Have you ever talked down to anyone? Like you’re better than them. Can anyone say sarcastic and sassy 13, going on 35 year old teenager? Guilty! (Sorry mom!) Have you ever avoided people you didn’t want to talk to for whatever reason? (Maybe they talk too much or are negative all the time, or they’re a low-talker??) I’ve been on both sides of this. As busy moms, sometimes we think we just don’t have the time to talk to someone for 30 minutes. The baby is in the car seat, you’re ready to go home before they start crying, you think, If I get caught by so-n-so, I’ll be here forever. Lord, help us, we’re just a smidge-too-much like the guy who slapped Jesus in the face. We all get short-sighted and far too focused on the here-and-now. Thank God for grace. But I’ve also been on the other side, when I went to talk to someone and their face almost instantly disfigured from annoyance. Ouch. I would try again another time, same reaction. You see them having wonderful conversations with others, so you begin to wonder what’s wrong with you. Not trying to throw a pity-party here…we’ve all been there. But I’m saying all this to say we need to be ever-so-kind with our words, facial expressions, and actions. Most of us who call ourselves Christians would never dream of slapping Jesus in the face, but yet we demean his brothers, sisters and co-heirs with our rudeness, looks, and hurtful words. We need to be mindful of how and who we’re speaking to. We’re speaking to one of God’s masterpieces, one of his special creations, someone who is precious to God. I tell my children, how would you feel if your brother or sister came up and said bad things about one of your crafts or purposefully damaged one of your things. “Angry, Mad” comes the replies. And I tell them, that’s how God must feel when we mistreat his other creations, ie your brother or sister or mom or dad or friend… We have no idea what other people are dealing with on the inside, what they’re struggling with, what problems they’re having, so as the saying goes, we just need to be kind to them. Let’s not be like “that guy” who slapped Jesus in the face.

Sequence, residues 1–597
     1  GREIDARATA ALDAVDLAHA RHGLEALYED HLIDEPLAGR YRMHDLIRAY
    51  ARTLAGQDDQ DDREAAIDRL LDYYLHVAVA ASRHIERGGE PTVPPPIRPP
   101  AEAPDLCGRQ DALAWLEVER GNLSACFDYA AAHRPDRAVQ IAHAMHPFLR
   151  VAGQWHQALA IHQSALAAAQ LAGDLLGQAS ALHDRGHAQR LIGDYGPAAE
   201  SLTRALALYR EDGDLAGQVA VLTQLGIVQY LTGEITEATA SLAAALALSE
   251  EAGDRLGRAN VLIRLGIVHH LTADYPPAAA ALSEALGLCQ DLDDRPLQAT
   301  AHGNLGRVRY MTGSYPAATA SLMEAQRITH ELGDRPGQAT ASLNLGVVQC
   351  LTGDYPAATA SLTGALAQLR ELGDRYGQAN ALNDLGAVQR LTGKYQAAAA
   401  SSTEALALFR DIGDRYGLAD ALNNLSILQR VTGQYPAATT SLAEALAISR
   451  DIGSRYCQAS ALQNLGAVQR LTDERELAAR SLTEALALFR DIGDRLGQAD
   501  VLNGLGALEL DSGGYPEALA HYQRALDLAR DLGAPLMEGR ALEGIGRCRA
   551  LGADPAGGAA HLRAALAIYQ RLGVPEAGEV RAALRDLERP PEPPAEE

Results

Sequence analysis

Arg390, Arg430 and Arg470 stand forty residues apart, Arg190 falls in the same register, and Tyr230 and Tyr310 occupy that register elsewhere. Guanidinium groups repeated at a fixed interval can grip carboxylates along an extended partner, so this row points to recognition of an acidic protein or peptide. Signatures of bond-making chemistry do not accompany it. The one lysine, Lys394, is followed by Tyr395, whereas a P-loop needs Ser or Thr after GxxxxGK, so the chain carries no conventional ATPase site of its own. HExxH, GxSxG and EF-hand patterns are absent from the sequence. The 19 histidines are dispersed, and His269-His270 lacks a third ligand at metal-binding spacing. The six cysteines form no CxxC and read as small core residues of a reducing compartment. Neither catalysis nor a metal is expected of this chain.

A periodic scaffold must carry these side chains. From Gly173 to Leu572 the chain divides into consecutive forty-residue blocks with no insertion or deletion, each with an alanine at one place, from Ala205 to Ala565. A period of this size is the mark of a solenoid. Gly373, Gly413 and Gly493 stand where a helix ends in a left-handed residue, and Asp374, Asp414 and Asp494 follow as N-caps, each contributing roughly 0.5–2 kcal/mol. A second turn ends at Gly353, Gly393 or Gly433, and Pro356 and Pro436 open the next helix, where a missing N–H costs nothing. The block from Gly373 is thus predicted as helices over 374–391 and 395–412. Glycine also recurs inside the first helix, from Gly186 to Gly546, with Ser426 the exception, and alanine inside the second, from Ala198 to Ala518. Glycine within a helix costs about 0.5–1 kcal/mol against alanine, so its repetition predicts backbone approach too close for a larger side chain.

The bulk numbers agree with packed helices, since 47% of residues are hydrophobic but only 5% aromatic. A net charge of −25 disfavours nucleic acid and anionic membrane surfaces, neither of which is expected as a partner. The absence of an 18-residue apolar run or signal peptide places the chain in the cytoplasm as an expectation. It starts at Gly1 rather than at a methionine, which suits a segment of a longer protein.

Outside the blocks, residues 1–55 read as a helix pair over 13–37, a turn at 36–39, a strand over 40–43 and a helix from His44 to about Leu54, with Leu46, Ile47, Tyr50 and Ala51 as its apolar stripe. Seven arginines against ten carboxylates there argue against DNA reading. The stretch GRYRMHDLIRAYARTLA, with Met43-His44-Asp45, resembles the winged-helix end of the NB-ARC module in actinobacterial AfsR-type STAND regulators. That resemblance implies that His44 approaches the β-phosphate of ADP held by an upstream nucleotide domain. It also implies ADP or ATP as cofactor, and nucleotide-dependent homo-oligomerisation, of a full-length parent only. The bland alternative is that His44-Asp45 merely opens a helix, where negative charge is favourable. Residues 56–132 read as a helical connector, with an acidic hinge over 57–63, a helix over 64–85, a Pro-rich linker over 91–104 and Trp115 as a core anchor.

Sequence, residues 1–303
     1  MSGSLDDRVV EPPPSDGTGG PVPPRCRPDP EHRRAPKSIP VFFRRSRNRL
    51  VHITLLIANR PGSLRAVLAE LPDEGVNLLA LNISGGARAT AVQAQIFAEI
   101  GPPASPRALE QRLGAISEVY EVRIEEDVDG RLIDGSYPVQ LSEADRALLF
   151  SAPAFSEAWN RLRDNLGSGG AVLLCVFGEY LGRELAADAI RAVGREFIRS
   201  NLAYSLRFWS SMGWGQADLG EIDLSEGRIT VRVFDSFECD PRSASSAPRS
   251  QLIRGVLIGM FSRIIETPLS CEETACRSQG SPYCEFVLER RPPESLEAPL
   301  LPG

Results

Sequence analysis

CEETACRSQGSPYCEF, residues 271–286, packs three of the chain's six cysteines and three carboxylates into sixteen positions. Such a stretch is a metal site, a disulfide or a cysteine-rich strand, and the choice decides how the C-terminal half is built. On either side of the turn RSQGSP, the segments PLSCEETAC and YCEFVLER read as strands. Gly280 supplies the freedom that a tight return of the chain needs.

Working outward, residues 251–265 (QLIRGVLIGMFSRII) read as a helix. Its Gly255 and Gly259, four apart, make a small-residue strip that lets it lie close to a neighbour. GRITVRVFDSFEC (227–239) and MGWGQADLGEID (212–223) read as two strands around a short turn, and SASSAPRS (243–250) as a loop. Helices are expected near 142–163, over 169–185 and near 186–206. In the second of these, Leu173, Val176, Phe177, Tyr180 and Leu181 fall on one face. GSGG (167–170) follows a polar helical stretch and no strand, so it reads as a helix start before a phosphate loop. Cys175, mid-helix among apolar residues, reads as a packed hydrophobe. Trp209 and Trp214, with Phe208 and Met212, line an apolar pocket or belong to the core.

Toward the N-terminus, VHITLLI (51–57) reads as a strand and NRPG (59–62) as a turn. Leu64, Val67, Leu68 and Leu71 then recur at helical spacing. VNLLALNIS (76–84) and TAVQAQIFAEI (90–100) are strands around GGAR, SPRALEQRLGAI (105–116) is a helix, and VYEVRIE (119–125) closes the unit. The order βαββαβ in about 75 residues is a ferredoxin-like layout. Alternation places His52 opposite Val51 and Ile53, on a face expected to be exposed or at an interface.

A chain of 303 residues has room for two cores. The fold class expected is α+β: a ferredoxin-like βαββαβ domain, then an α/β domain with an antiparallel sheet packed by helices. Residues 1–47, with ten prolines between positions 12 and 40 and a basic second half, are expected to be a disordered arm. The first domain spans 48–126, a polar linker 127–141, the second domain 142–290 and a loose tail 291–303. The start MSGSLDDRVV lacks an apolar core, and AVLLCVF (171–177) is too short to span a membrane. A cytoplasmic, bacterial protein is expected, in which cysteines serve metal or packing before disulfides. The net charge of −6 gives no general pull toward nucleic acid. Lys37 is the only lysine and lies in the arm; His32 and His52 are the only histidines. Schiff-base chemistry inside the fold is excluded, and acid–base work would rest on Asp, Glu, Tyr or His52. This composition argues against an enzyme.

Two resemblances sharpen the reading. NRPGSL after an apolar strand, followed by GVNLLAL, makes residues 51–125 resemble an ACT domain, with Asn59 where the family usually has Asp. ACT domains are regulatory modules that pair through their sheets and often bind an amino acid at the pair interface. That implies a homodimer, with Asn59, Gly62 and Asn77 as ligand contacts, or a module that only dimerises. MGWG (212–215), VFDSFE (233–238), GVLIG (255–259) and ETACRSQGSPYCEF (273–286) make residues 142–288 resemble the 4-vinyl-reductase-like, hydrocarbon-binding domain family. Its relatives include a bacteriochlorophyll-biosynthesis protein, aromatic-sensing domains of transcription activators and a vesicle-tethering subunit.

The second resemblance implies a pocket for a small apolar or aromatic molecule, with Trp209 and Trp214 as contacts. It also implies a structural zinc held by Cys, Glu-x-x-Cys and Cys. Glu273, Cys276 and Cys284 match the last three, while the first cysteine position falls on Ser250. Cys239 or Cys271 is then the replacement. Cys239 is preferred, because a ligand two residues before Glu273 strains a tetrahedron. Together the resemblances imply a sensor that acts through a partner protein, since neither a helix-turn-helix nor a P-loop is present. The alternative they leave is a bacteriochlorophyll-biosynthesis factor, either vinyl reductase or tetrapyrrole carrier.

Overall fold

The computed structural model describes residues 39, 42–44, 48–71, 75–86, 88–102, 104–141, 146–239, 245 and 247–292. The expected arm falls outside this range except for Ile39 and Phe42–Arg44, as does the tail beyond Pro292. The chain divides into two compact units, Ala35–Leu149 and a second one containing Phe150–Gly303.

It’s summed up so simply, that I think we take it for granted: “Do unto others as you would have them do to you.” Jesus said it over and over, to love others, like we would want to be loved. To honor one another. And not just our friends and those who look like us. (Even sinners do that.)
“Do not take revenge, my dear friends, but leave room for God’s wrath, for it is written: “It is mine to avenge; I will repay,”says the Lord.” Romans 12:19
God makes it clear in His word, that he will avenge and I don’t know about you, but I do not want to meet face to face with His wrath. I know that I am saved, and if you have believed in Jesus as your Savior, we will be in Heaven. But when we treat others unkindly, there are still consequences, both now in this life and in eternity. Who knows what blessings we’re missing out on when we mistreat others? Who knows how we could minister to them or them minister to us? Who knows what good would come from being nothing but kind to others? And who knows what blessings we’ll miss out on in eternity after we give an account of every empty word we’ve ever spoken.
“But I tell you that everyone will have to give account on the day of judgment for every empty word they have spoken.” Matthew 12:36
So the next time you’re tempted to sass, or be cold, or rude to someone else, think of the guy who slapped Jesus. No one wants to be that guy.
“Gracious words are like a honeycomb, sweetness to the soul and health to the body.” Proverbs 16:24
What’s your take-away? Do you need to apologize to anyone? Do you need to practice holding your tongue or your facial expressions? Is there someone you need to forgive? Is there something God is putting on your heart to do to reach out to someone? Come back and let me know how it goes this week!
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–Resources to help you grow in Kindness–
Love Tony Evans!